Drifting from alto to tenor to baritone, Nina Simone spent a career giving a melodic voice to not only her pains and joys and schadenfreude and all the like, but to a generation of pain bearers.
For generations after, her tunes and vigilance against an oppressive system continues to inspire and not expire. In the hip hop genre, your favorite rappers credit her for their music, most notably Kanye West and Talib Kweli.
Even your favorite Martian put her track on the end of his best-selling album.
As far as R&B artists, her tentacles are everywhere. If Richard Pryor influenced every comedian after him (“whether they know it or not,” said Dave Chappelle), then Simone has the same effect on contemporary rhythm and blues artists. But what makes her music endure?
Was it the longevity? It isn’t just that Tupacian-like work ethic she demonstrated. In fact, Pac had a Simonian ethic. She’d practically been singing since birth, and despite facing hardships that would diminish the life, not to mention art, of many people, she kept going. Recording over 40 albums, a biography toward the end of her life evinced that Simone battled numerous mental illnesses throughout the years. There are “sane” people who do little more than go to work eight hours a day, five days a week. So was her beastly work ethic because of her mental capacity or despite it?
Was it the spectrum of her octaves? Simone had an androgynous voice that gave way to a fully human expression. A musician who understands his or her voice as an extension of the instrument is one thing; a musician who could fully capitalize from this knowledge is another. Listening to “Feeling Good” leaves an uninitiated ear thinking a Y-chromosome was on the track. But it was Simone, doing what she did best, taking advantage of her subjectivity and individuality to produce her own brand of sonic emotion.
Listening to her rendition of “I Loves You, Porgy” should restore order in the universe, but it doesn’t. It only leaves a feeling of awe about the limits of human vocal vibrations. Whatever note she rocked, a vibrato was present in a way that you felt something. Words were not merely alphabets she crooned, but a mask for the ripple waves behind them.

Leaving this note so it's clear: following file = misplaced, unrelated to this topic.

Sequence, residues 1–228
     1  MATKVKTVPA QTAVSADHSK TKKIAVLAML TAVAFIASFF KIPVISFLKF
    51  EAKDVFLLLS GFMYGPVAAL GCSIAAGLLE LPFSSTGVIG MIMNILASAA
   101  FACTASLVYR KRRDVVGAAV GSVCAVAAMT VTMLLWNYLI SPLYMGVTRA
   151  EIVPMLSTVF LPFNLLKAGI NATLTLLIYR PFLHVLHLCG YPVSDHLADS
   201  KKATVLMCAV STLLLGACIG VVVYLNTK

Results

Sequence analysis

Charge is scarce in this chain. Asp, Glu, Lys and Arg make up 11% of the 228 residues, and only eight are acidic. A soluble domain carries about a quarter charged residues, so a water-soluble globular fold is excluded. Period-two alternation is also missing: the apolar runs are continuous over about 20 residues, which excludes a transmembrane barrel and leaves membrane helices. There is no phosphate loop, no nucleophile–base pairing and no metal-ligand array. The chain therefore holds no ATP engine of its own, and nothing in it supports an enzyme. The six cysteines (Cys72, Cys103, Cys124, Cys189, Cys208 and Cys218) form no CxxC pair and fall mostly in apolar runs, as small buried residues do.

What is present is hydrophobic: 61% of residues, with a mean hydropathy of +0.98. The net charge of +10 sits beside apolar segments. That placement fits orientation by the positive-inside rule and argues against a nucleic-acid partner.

She put her own spin on diverse acts such as Duke Ellington, the Beatles, Bob Dylan, Billie Holiday, the Bee Gees, George Gershwin and many others. She wasn’t a jazz or folk artist. Nor a blues singer. Nor a gospel signifier. She had classical training, but her fusion of all forms of music into one left little to be desired. Simone knocked down the silos of genres and integrated them in a manner that was palatable.
Was it her full humanity on display? She was a Black woman from North Carolina in the 1930s during the depression. Getting her start in a church choir, she’s seen enough at an early enough age to know a voice needed to be lifted and sung. She was smart enough to know that whoever lifted that voice would be on a limb. Yet she had the huevos to do it.
And huevos is right. Her willingness to dip to the “masculine” sound to carry a song demonstrated not only an intransigence against normal order, but a olive branch to her male—especially Black male—counterparts. She used low visceral notes to evoke a sound that bridged a connection between both sexes. She never denied her womanhood, but she wasn’t myopic enough to limit herself to a mainstream interpretation of it either. She used her talent to define her own womanhood.
Her on-stage performances gave the gamut of emotions. From perfectly sanguine to choleric. From overwhelming joy to profound sadness to comical to uplifting.
She left the States in the late 60s due to increased disenchantment with racial inequality. Spending time in Barbados, Africa and settling in Europe (France), she called the U.S. a place where “it’s hopeless for the majority of Black people.”
She’s said to be a pioneer of talking during her performances while sitting at the piano. On the heels of the Medgar Evers assassination, she wrote “Mississippi Goddam” and placed herself as a voice for Black rights. Legend has it that during a performance at the Village Vanguard in New York City, she asked, before singing, if there were any Black people in the audience.
Two people stood up. Simone then remarked, “I’m singing only to you. I don’t care about the others.”
This is a Nina Simone love piece. Let me just get that out the way.